For AOL’s Armstrong, It’s “Ready, Fire, Aim”

tim armstrong For AOLs Armstrong, Its Ready, Fire, Aim

THE PR VERDICT: “F” (Full FIasco) for AOL’s Tim Armstrong.

The pressure is on AOL chief executive Tim Armstrong to turn things around at Patch, the micro-local news site that has been a money loser for the giant media company. Unfortunately for Armstrong, he let the pressure show in an embarrassing way last week, prompting observers to question his management.

On Friday, a day after telling Wall Street that Patch would close down one-third of its 900 sites to cut costs, Armstrong held a conference call with 1,000 Patch employees to lay out the reorganization plan and rally the faithful to the task at hand. To his credit, he took full responsibility for the current wobbly state of affairs. But he also handed out a tough-talking, slightly derisive admonishment to employees: work harder, or work elsewhere. If you are “not invested in Patch, you owe it to everybody else at Patch to leave,” he said, as can be heard in the widely-circulated tape of the call.

The harangue got worse. Two minutes in, Armstrong called out Patch’s creative director who, as is his custom, was taking pictures in the meeting room where the call originated. “Put that camera down. You’re fired. Out,” Armstrong said, scarcely pausing before continuing his “motivational” talk. Given the audience size, it was only a matter of time before the story at the local news site went national. Ironically, Armstrong later said he fired the creative head because he was tired of media leaks.

THE PR VERDICT: “F” (Full Fiasco) for AOL’s Tim Armstrong, for a tyrannical tirade that sullied not only his personal brand but spoke poorly of how the business is run.

THE PR TAKEAWAY: Mind your message, your medium, and your manners. Chief executives, whether by temperament or for effect, will occasionally turn to the tantrum to motivate the troops. But Armstrong’s erratic histrionics missed the mark, even if he hadn’t made things worse with an “Off with his head!” fit of pique. And in front of 1,000 people, no less. Remember: Unless you’re talking to yourself, what you say privately can always go public. Airing dirty laundry can result in losing your shirt.

Scrabble Players Have Choice Words for Mattel and EA

Scrabble 150x150 Scrabble Players Have Choice Words for Mattel and EA

THE PR VERDICT: “F” (Full Fiasco) for Mattel and Electronic Arts.

The British like a lot of things: gardens, a good cup of tea, cricket. What don’t they like? Apparently, their Scrabble game being messed with. Scrabble, of course, is the classic board game in which lettered tiles are put down to form words crossword puzzle-style. Created by American architect and game inventor Alfred Butts in 1938, it’s become a beloved pastime enjoyed by generations of players. In 2008, Mattel, Inc. launched what became a wildly popular on-line version through Facebook; users could play in realtime against friends or random opponents around the world, their statistics collated and ranked.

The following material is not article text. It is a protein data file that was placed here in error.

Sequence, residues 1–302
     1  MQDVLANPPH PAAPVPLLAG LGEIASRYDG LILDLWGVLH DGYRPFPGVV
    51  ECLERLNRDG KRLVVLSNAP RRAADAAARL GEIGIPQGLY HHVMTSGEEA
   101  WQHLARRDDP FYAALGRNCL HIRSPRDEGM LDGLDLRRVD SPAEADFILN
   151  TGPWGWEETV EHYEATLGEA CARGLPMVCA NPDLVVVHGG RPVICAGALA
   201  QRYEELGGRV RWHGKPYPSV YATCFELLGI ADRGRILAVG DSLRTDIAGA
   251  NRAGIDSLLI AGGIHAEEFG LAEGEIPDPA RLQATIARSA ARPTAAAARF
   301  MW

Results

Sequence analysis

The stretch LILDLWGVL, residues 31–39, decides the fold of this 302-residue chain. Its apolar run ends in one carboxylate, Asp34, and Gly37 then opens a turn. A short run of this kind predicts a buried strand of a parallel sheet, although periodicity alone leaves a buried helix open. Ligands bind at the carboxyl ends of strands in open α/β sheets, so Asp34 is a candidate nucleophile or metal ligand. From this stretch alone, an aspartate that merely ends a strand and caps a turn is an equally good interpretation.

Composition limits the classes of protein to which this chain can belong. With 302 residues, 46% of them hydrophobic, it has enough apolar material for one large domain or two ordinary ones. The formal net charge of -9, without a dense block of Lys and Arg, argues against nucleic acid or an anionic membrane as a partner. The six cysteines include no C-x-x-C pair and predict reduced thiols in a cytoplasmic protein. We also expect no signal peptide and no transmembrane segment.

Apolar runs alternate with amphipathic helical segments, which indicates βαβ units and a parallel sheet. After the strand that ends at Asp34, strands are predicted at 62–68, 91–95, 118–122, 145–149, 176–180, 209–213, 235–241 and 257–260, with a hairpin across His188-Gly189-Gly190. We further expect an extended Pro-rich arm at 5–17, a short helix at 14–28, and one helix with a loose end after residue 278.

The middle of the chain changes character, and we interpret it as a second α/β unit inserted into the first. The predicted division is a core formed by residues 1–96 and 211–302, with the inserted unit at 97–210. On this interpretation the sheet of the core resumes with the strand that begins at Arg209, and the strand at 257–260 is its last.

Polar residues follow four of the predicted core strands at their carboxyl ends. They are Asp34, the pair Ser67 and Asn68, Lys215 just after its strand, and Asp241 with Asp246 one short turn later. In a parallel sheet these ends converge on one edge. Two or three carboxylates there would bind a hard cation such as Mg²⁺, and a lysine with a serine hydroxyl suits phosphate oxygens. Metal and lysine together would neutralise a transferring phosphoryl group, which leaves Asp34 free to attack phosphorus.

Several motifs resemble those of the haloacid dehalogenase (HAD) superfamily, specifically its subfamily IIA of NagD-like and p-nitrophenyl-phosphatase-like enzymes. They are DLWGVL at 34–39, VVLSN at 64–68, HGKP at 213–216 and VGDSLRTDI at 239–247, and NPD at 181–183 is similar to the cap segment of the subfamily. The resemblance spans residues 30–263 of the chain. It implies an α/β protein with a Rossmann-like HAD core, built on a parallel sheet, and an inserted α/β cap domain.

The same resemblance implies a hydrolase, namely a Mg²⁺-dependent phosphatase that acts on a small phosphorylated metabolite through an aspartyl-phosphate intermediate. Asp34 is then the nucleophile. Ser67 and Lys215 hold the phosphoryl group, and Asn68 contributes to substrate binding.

Until a few weeks ago. That’s when Electronic Arts (EA), the company to whom Mattel turned over the reins of online Scrabble, “upgraded” the game in Europe and Australia. Among other deeply unpopular changes, players must refresh their screens to see if an opponent has played, and score histories have been obliterated. Also removed was the ability to control time limits, making it difficult to play opponents on different schedules or in other time zones. The new version has been met with a torrent of criticism and the launch of boycotts and petitions. Thousands of players are raging against Mattel and EA on Facebook, all demanding that they bring back the original version.

The companies also lose major points for their PR prowess. EA declined to comment, while Mattel’s cringe-worthy response was “We are sorry we weren’t able to please everybody … We produce the board game but we’re not experts in electronics.”

THE PR VERDICT:  “F” (Full Fiasco) for Mattel and EA, who don’t seem to know the Number One rule of successful products: If it ain’t broke, don’t fix it.

THE PR TAKEAWAY: The client is always right. It’s true you can’t make everyone happy all the time, but there is a difference between that and enraging your entire customer base. When contemplating major changes to an iconic product, common sense dictates that decisions should be based on extensive research. Had the corporate powers-that-be asked players what was important to them, they might have seen that a move like this could only spell CATASTROPHE.